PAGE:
Courtney Woo, Casey Hesketh, Brooke Ritchey, Daniel Chow and Adrian Fezatte have joined a group of well-known Canadians that includes Pierre Trudeau, Tommy Douglas, Kim Campbell and Gabrielle Roy.
All five are 2013 Vernon School District graduates who have earned the Governor General’s Academic Medal, which recognizes the outstanding scholastic achievements of students in Canada, and awarded to the student graduating with the highest average.
Vernon secondary school graduate Daniel Chow said academics have always been important to him.
“Though some younger people may have associated the act of pursuing money as something as shallow, using the overly used phrase that ‘money can’t buy happiness,’ others understand that money does exactly that. If I had more money I could support my family, visit my distant friends, and spend more time with my own personal hobbies. Academics are important to me because it’s the clearest path to a more comfortable future.”
He said while family members and teachers supported him throughout high school, it was his friends who had the biggest influence on him.
“I am a fairly competitive person, so the biggest motivation was to try to beat my friends in everything we did. Whether it was sports, games or school I would always try harder if my friends were there too. My grades were most likely a side effect from that.”
His fondest memories come from spending every day with friends and advises current high school students to branch out and not focus 100 per cent on academics.
“Unless you’re lucky, life will get harder after high school. You should focus in class and have as much fun as you can when out of class.”
Narrowing down some of his fondest memories to one event, Chow points to the Junior Achievement Titan Global Challenge in Delaware.
“I played soccer barefooted with people from across the globe, talked for an entire night, and met some of the most amazing people I have ever met.”
Now at his co-op job in Toronto working for a company called Doublethink Inc., Chow returns to school in the spring, where he is in the computer engineering program at the University of Waterloo.
Charles Bloom graduate Casey Hesketh said she always pushed herself to do her best, viewing assignments and classes as an opportunity to meet a challenge. Yet she said she wasn’t motivated by good grades, it was simply the joy of learning.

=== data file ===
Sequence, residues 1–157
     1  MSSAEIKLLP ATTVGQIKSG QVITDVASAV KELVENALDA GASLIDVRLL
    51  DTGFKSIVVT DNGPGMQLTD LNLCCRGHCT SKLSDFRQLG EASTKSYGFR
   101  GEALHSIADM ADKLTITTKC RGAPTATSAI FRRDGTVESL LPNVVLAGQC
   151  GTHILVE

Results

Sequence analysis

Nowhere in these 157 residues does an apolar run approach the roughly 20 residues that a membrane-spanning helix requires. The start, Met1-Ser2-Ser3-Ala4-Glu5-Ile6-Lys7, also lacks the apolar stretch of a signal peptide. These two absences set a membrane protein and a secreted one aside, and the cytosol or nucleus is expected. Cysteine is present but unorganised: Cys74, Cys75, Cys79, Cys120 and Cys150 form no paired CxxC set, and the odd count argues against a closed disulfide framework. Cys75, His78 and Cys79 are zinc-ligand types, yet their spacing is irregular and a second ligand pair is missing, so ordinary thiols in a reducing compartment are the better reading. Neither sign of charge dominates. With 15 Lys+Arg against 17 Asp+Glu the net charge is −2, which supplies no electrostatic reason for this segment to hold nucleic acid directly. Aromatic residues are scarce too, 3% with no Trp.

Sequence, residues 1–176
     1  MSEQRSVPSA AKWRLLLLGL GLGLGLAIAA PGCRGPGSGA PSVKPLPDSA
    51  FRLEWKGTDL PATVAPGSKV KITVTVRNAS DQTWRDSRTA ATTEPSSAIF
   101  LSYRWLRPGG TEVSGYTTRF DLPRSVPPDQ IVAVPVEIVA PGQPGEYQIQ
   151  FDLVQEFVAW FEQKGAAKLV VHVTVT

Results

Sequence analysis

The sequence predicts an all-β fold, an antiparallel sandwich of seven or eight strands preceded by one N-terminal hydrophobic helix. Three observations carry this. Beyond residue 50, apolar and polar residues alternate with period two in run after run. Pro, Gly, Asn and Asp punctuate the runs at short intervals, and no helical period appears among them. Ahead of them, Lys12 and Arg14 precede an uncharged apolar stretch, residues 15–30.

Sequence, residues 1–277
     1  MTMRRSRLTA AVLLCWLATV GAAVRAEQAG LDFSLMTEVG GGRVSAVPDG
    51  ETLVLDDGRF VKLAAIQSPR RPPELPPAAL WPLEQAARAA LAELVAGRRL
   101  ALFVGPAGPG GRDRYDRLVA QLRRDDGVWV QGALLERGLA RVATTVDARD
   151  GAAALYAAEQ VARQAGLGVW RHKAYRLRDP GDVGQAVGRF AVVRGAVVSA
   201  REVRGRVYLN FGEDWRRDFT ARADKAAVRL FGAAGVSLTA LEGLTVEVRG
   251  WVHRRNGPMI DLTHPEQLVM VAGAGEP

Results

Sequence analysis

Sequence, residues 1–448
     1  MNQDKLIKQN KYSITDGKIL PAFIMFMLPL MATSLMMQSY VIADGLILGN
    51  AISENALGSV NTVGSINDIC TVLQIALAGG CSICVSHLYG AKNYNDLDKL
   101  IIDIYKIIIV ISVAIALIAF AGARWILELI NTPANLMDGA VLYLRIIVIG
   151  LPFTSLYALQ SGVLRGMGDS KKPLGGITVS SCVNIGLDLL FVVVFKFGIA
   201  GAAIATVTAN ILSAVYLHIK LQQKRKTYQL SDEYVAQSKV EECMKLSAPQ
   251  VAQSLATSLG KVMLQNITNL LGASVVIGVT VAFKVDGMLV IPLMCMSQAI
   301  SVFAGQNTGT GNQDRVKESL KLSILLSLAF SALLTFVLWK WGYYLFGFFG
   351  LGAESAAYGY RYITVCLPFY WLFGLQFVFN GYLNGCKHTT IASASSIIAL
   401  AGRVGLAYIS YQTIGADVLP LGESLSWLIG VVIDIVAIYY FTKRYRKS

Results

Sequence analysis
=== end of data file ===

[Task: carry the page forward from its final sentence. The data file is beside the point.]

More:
“I have this overall need to know as much as possible about the subjects I am passionate about,” she said. “I’ve always been curious, and I’ve always wanted to acquire as much knowledge as I can.”
Hesketh appreciates the support she received from both family and teachers.
“I’ve had so many amazing teachers over the years. My French teacher, Madame Norman, not only taught me to love a whole new language, but also taught me that going that extra mile can make a difference,” she said. “I have never met anyone more passionate about what she does than her.
“Then I had teachers like Mr. Kopy and Ms. Winston that supported my love for writing and expanded it by making English a fun, sometimes bizarre, class. I owe a big thanks to every teacher, because every one of them had to deal with me constantly putting up my hand because I had something to say or ask.”
Some of Hesketh’s fondest memories are also what she looks back on as the most mundane: sitting in the sun with her friends as the guys toss a Frisbee around, or practising volleyball with her teammates.
“But I also loved my three-month exchange in France, where I happened to become best friends with a French girl, as well as gain another whole family and culture.
“There’s one key ingredient that make these memories meaningful to me, and that’s friendship. High school wouldn’t have been what it was for me if I didn’t have my friends there to laugh with me, but mostly at me.”
After a semester at UBCO, Hesketh realized what she had previously assumed: writing is the path she wants to take in life and is looking towards the writing and publishing program at Okanagan College.